The Bush administration has made a step in the right direction in trying to conserve energy resources through its new program called Freedom Cooperative Automotive Research. However, this program will be ineffective unless given concise limitations, regulations and goals.
The program has the potential to greatly reduce the United States’ dependence on oil but has several problems that need to be addressed. One is the amount of time it will take to develop hydrogen fuel cells on the commercial market. Most auto manufacturers estimate such technology won’t be widely available for another 10 years.
While this is certainly a good prospect, it doesn’t tackle the problem of the development of gas-guzzling sport utility vehicles that continue to be popular and high sellers. SUVs are a major problem, and their fuel efficiency needs to be increased in less than 10 years.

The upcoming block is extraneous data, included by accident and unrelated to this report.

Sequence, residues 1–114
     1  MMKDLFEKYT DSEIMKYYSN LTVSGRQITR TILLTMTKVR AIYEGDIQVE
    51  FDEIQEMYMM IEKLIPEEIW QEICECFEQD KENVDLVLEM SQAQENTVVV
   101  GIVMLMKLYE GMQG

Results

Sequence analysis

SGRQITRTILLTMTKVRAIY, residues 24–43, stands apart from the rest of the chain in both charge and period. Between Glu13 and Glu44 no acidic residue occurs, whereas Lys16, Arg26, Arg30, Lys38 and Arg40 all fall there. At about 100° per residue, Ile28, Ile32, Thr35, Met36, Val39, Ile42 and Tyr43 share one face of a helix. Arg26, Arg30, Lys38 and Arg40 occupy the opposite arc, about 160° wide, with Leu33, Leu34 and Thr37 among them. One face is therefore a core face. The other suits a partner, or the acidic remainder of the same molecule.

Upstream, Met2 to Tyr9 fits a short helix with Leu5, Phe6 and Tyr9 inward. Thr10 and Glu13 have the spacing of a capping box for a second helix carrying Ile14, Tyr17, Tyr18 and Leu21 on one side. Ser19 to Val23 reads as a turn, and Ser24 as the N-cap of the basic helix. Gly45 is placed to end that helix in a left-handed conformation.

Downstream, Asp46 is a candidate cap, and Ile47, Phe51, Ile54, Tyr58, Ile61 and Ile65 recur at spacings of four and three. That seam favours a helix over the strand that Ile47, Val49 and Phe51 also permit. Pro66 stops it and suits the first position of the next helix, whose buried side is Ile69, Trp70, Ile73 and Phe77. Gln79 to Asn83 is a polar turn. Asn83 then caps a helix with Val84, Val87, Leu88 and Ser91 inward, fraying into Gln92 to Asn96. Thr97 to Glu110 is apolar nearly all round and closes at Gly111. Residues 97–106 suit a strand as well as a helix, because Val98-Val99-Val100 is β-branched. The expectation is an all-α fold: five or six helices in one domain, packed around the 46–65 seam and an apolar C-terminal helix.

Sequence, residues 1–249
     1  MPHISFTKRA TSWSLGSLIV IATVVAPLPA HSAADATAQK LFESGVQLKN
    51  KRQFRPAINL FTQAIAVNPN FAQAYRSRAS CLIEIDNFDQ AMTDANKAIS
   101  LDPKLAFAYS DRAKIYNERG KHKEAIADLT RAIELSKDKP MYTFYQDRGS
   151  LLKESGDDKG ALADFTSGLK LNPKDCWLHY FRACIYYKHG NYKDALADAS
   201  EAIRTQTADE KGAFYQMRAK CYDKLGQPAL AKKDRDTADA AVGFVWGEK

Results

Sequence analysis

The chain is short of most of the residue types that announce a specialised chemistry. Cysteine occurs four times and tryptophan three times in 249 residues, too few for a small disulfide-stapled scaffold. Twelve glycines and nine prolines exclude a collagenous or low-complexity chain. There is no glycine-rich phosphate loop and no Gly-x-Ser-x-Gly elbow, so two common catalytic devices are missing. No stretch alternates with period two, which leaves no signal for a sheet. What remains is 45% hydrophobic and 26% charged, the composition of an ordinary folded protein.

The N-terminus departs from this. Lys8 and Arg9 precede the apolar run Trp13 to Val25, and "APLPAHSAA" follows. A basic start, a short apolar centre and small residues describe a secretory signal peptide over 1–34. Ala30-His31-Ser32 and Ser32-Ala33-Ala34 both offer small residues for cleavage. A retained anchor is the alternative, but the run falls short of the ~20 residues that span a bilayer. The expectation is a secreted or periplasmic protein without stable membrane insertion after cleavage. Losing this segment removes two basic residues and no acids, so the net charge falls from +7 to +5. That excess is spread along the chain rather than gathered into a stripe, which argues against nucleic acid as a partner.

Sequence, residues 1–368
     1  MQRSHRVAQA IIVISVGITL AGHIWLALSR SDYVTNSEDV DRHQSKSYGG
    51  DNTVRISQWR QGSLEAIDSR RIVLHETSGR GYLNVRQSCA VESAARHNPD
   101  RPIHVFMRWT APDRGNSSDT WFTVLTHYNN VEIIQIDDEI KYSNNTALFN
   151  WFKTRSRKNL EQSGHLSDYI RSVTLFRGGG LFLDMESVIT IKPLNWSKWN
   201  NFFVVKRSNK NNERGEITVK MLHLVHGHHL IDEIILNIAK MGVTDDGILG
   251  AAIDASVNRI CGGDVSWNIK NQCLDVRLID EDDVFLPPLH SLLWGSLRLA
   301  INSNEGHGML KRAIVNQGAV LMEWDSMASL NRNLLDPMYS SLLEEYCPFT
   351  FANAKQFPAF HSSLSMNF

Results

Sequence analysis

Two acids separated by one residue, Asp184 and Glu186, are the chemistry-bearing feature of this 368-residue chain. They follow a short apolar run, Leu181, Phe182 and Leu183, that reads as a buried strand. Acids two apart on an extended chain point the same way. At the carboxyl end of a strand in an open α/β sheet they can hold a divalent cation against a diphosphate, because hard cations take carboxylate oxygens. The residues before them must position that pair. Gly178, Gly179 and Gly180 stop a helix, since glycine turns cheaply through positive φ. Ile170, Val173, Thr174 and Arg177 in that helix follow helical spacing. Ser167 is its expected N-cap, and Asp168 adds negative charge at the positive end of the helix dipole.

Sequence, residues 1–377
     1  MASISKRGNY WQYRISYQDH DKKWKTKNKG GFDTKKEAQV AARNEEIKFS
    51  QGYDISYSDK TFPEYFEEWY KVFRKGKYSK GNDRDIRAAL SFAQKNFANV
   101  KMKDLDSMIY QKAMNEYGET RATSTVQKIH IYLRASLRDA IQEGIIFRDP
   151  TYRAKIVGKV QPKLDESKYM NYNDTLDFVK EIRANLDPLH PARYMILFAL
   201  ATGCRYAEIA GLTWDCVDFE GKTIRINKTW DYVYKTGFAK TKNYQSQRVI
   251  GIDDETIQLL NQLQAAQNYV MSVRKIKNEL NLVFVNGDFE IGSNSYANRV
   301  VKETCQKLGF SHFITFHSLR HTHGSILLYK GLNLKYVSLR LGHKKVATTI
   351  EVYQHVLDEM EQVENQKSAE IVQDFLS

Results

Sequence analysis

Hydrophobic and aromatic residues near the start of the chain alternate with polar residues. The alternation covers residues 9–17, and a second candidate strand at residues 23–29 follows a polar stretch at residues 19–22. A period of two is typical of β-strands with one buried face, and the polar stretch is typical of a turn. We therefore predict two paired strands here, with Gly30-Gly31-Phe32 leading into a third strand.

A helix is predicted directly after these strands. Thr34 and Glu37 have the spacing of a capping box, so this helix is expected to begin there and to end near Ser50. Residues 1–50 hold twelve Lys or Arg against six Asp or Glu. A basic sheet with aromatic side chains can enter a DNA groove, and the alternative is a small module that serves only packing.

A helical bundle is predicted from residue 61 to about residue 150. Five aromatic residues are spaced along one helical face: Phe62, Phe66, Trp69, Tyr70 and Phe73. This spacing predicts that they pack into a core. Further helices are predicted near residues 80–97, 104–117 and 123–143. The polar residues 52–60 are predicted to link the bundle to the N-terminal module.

Another problem is the now-replaced Clinton energy plan that helped spurn hybrid vehicles that ran on gasoline and electric energy. This was a good program, and its research should not be abandoned. But with few specific goals and expectations, the plan did little to help reduce fuel usage on a national level.
Bush’s new energy plan is good. Incentives should be offered to automakers and potential consumers so the hydrogen fuel cells, cells that will allow cars to run on a hydrogen fuel and leave only water vapor as a product, are enticing and on demand. New car designs that are more sleek and energy efficient will benefit everyone in the long term, but the short term should not be ignored.
The Bush administration should learn from the Clinton plan, which had good ideas but fell short on clear targets. The new plan could spur the development of cleaner, cheaper automobiles for the future, thus propelling the nation into an era that is void of dependence on other nations and one that is environmentally sensitive.